Protestant Empires, Whiggish History, and Personal Religious Histories



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Today we're happy to guest post again from Katherine Carte Engel, Professor of History at Texas A & M and author of a book we've blogged about here before, Religion and Profit: Moravians in Early America. Kate reflects on a pair of recent books, one academic and the other more personally reflective, that recast thinking about what constitutes "American religious history."
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Protestant Empires
by Katherine Carte Engel

Apropos of Charles Cohen’s comment that “Even by the capacious definitions of what constitutes early American history, Deseret makes for an unusual place in which to hold an Omohundro meeting,” -- as well as the other sessions of that excellent conference, at which that comment was referenced by those who have noted the hegemony of the east-coast-early-American-establishment -- two recent books have made me run around the circle, once again, of what I consider “American religious history.” My early Americanist self welcomes the publication of Carla Gardina Pestana’s timely and wonderfully readable Protestant Empire: Religion and the Making of the British Atlantic World. My non-academic self finds Erik Reece’s musing and occasionally wrenching An American Gospel: On Family, History, and the Kingdom of God intriguing and thought provoking.

Assuming from the title of the former that I would be hearing another foray into the question of a Christian nation that Chris Beneke raised a few days ago, I was quite surprised to find an actual pre-Revolutionary colonist, William Byrd, taking a prominent role as a religious thinker in Reece’s Gospel. Byrd’s patriarchal rage, treated in depth by Kenneth Lockridge, made quite an impact on my vision of early America as a graduate student, but I had never thought of him as a source of spiritual inspiration. Reece, an environmental writer most known for his depiction of strip mining in Kentucky, suggests the adoption of a new American theology more attuned with joy, peace, the natural landscape, and, most likely, locally-grown green leafy vegetables. He argues that Americans (including his own father and grandfather) have been too long dominated by a depressing and Puritanical religion that has accomplished the overwhelming task of dividing Americans from themselves and from all that is inspiring and holy in the world. This process (with some help from Alexander Hamilton) has led inexorably to desiccated cities and (in a wonderfully evocative phrase borrowed from Guy Davenport) the automobile, that “bionic roach.”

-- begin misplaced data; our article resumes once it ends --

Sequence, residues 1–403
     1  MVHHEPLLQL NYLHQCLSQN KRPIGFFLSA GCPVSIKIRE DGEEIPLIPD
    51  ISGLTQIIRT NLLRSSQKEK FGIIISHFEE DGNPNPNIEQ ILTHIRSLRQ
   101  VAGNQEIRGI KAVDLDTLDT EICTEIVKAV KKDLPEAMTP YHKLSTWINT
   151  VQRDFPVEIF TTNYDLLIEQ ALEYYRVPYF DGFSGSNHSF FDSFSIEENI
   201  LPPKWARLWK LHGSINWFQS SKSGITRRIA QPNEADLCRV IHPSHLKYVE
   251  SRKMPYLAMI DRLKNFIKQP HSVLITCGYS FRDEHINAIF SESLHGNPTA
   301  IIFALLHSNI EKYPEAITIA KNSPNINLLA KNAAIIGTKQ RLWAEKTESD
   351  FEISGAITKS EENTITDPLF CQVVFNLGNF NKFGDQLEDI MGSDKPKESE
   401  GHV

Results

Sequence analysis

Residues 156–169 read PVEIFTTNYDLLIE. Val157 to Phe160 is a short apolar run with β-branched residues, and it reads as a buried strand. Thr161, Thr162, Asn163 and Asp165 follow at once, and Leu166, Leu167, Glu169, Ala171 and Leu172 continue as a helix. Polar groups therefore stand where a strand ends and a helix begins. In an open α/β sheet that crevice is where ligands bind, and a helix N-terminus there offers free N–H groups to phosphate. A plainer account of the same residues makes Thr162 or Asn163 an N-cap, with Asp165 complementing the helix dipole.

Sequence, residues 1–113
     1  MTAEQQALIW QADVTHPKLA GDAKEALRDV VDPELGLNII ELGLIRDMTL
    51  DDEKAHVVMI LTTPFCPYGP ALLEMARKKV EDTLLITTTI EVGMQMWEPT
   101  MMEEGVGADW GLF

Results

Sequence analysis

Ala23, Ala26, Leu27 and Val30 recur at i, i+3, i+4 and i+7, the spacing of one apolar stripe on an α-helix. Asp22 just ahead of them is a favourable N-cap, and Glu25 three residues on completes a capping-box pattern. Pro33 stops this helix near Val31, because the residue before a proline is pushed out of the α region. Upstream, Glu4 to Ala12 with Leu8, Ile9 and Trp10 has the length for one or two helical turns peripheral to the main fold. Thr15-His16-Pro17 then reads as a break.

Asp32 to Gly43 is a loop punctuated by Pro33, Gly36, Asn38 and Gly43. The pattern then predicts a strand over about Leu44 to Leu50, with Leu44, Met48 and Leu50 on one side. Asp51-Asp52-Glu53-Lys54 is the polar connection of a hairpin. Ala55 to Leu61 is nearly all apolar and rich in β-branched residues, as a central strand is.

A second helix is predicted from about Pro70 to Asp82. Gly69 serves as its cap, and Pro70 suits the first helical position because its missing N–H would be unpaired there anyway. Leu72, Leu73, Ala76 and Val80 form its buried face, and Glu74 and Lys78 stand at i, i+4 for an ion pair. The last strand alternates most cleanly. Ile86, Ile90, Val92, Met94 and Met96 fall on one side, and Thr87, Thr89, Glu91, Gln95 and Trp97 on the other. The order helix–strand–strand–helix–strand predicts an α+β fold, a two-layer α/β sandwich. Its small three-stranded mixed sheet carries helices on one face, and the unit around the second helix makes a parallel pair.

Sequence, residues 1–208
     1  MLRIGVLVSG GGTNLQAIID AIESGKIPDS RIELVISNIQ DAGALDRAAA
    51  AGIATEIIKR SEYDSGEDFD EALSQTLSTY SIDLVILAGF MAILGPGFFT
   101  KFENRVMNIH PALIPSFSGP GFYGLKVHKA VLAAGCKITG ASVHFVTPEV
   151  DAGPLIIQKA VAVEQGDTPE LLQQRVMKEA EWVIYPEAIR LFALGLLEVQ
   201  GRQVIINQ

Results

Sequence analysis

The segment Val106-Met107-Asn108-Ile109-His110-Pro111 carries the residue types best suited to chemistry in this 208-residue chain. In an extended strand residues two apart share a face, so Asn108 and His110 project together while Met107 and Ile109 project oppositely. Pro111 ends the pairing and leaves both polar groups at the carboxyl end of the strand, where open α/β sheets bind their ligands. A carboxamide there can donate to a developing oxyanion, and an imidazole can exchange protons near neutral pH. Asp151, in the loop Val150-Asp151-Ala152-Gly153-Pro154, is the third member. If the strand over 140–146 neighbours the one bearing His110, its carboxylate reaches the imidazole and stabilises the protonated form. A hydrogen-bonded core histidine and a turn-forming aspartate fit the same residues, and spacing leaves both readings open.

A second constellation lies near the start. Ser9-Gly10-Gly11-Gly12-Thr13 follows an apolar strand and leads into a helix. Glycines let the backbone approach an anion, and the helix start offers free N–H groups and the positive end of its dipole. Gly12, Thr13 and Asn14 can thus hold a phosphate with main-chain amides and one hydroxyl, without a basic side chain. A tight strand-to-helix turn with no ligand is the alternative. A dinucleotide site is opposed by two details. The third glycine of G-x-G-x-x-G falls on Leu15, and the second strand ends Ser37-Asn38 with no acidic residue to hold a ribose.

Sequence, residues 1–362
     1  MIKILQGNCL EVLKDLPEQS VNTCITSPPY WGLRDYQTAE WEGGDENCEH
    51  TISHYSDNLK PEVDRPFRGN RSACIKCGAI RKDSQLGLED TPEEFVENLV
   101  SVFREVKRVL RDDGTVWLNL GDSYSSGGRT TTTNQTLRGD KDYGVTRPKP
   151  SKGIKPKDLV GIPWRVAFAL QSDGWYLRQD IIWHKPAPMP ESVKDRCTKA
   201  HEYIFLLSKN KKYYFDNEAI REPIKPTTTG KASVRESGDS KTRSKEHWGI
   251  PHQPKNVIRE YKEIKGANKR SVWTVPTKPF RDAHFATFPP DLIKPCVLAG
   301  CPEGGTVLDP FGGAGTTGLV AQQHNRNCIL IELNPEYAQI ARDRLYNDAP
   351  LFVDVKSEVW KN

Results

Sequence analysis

Reece’s Manichean jeremiad is heartfelt and his exploration of Walt Whitman is riveting. But his Gospel, rooted in Byrd, elaborated by Thoreau, Emerson, and Whitman, and verified by modern science, offers an image of “American” religion that is hard to reconcile with Pestana’s detailed account of the early modern British Atlantic. (Pestana’s book provides a full elaboration of themes she began in the excellent collection, The British Atlantic.) She chronicles what early Americanists currently see as the central theme of the early modern era when, in the place of the European’s encounter with a virgin continent, she tells the complex tale of contact, conquest, conversion, and resistance that unfolded when post-Reformation Europeans and enslaved Africans landed in North America and the Caribbean. The dynamic consequences of human interaction and cross-cultural engagement take us from failed missions and lost opportunities to shattering clashes between world views. The overpowering reality of religious diversity in the Atlantic world remains a constant, however, as do people’s resolute desires not to be forced into conformity or to give up their deeply held beliefs.

It’s easy to pick apart Reece’s work from a historical perspective, but in all fairness he wasn’t trying to write a thorough history, even a literary one. His is a contemplation of men’s (and they are largely men) interaction with the land, and (white, privileged) American men’s often unsuccessful efforts to throw off the psychic constraints of generations of their fathers. But even as he decries American culture he feeds the Whiggish narrative that the United States, the political entity that sustains his gospel, offered some quintessential freedom to men who sought to recreate themselves. Pestana’s work reduces the United States to its proper historical context. It elaborates the very real political forces at work in religious history. As history, it is unquestionably more accurate. I am looking forward to using it to introduce my students to the early modern religious past, filling a gap in the literature that has long plagued the field. But Reece’s speaks to the “American” cultural soul in a way we early Americanists, who struggle to incorporate Deseret and demote the United States’ religious freedom to a matter of historical contingency, rarely do.

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